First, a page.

Industry claims an emissions-standard victory

News ARTBA May 04, 2004
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In a victory for the transportation construction industry, the U

In a victory for the transportation construction industry, the U.S. Supreme Court has ruled that state and local governments cannot impose their own air quality emissions standards for certain equipment, truck and automobile fleets.

At issue was a plan by the South Coast Air Quality Management District to prohibit private companies and public agencies in the Los Angeles area from purchasing or leasing vehicles by certain fleet operators that did not meet stringent emissions requirements.

The Engine Manufacturers Association filed a lawsuit challenging the agency's proposal in August 2000. The American Road & Transportation Builders Association (ARTBA) filed three "friend of the court" briefs throughout the case on behalf of its members arguing state and local governments were pre-empted from setting such emissions standards by the federal Clean Air Act (CAA). The association also said it would be unreasonable to force transportation contractors to maintain separate fleets of equipment and vehicles according to the separate air quality regulations for every state--or even city--where they conducted business.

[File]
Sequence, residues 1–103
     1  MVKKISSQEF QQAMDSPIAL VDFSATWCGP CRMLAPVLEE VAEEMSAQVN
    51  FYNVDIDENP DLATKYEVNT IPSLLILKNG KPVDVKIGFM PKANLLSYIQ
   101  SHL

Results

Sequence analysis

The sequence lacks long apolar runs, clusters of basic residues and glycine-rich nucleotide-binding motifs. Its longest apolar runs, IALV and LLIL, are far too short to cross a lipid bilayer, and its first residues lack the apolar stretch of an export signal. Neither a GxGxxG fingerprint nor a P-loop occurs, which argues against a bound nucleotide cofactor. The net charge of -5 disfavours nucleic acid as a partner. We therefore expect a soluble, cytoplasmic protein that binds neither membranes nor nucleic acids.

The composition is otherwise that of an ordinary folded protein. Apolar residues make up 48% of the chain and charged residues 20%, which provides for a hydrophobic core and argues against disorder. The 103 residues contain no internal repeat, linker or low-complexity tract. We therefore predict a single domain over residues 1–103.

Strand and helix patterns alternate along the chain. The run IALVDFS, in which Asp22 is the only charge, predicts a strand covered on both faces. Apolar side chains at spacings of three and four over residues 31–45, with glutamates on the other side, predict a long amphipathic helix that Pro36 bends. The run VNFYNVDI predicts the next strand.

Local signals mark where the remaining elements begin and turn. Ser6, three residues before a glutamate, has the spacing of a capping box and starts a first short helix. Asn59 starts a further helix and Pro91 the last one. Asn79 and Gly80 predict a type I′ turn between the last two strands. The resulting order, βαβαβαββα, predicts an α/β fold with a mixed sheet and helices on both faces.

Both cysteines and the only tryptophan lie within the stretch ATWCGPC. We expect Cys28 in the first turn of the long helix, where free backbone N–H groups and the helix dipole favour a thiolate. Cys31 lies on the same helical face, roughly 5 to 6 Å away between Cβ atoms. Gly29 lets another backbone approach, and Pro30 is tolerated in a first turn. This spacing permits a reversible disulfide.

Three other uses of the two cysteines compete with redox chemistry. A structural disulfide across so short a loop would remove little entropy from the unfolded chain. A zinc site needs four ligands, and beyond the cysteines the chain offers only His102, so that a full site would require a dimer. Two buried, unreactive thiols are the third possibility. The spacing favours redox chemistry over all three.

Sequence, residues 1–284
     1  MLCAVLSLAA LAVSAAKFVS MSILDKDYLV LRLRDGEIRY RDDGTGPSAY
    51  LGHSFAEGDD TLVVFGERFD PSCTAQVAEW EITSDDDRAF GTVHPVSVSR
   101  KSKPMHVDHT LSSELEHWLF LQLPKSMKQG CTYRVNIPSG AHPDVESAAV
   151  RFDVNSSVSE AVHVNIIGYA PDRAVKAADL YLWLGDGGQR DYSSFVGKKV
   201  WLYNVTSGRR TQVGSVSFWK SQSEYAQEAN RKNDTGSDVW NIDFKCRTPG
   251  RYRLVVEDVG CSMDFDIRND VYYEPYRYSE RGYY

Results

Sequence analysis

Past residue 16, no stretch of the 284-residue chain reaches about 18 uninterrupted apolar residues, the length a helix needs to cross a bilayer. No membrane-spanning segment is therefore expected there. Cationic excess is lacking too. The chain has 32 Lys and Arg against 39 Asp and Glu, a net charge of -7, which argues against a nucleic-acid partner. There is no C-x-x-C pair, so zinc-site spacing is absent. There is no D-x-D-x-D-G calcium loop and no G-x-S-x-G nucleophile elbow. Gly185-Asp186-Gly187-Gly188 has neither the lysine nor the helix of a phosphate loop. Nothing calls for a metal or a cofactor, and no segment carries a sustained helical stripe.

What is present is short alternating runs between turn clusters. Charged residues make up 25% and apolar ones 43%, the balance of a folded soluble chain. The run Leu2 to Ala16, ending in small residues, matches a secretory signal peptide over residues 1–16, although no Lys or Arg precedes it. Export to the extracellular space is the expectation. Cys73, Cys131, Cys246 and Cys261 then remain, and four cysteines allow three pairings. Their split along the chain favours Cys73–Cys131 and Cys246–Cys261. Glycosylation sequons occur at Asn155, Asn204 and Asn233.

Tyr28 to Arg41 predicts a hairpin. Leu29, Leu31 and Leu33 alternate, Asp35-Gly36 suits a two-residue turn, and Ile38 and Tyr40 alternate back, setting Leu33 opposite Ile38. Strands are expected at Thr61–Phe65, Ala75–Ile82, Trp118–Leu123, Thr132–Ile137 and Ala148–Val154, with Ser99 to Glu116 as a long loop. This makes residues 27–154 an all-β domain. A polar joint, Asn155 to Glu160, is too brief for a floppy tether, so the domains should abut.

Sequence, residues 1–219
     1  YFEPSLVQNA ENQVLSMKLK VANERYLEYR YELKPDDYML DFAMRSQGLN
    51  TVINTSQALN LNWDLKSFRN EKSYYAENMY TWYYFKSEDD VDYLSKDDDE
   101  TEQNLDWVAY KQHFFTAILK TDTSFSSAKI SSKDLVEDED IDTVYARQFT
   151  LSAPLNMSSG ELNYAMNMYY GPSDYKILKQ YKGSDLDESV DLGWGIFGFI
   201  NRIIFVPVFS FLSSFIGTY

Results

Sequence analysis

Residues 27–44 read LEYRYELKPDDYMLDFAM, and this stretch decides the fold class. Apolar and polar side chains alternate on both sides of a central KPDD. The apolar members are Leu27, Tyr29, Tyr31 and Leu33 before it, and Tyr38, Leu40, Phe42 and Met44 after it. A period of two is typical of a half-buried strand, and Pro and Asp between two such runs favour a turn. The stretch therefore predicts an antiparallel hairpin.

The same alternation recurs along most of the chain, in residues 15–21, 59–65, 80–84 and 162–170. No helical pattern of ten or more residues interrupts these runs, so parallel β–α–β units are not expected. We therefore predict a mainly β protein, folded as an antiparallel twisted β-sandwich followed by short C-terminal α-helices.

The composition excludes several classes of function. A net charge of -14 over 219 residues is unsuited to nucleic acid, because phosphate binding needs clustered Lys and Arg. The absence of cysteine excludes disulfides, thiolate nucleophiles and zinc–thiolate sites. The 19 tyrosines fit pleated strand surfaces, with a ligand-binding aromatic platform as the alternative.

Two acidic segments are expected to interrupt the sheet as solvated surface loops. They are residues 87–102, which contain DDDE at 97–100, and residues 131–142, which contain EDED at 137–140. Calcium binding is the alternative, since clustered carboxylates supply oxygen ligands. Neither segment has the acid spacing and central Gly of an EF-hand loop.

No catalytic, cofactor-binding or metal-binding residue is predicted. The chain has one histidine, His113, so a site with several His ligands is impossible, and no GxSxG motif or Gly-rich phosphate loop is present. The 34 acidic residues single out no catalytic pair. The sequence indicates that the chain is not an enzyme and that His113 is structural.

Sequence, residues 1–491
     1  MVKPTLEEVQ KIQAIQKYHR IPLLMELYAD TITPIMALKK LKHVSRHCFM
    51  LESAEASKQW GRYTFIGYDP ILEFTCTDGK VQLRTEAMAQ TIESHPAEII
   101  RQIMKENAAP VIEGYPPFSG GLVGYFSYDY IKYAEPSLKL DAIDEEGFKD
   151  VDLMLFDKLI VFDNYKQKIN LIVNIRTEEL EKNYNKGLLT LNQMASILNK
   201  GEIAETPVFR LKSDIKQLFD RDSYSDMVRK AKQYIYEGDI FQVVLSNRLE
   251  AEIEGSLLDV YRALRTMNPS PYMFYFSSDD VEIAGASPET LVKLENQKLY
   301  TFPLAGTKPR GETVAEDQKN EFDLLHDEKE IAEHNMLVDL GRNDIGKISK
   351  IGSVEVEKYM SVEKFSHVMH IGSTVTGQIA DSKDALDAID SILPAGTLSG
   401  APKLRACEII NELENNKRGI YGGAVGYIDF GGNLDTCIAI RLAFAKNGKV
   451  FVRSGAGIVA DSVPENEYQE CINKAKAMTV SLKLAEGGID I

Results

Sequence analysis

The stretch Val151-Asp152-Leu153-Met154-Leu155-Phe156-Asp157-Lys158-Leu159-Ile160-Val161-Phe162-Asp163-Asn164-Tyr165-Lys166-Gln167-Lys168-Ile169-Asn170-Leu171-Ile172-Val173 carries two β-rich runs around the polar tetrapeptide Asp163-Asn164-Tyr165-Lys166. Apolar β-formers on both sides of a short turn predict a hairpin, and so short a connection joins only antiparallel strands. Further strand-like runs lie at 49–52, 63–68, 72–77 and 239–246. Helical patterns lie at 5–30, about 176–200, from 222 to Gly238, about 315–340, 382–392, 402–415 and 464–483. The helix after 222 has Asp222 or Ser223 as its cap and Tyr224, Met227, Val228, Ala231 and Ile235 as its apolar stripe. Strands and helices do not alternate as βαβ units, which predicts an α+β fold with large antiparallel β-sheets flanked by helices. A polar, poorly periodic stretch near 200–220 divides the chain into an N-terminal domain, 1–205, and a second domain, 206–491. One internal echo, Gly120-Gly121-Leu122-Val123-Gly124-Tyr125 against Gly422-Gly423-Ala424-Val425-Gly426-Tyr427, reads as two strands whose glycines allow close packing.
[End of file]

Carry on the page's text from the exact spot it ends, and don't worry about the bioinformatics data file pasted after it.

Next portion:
In the 8-1 decision, the court agreed with ARTBA, saying Congress did not intend for state and local units of government to be able to set their own set of engine standards. Under the CAA, the federal government has the authority to ensure uniform air quality standards nationwide, Justice Antonin Scalia said in issuing the court's decision. It does not matter whether such restrictions are placed on the manufacturer or purchaser of such engines--all such restrictions are pre-empted by the CAA, the court said.

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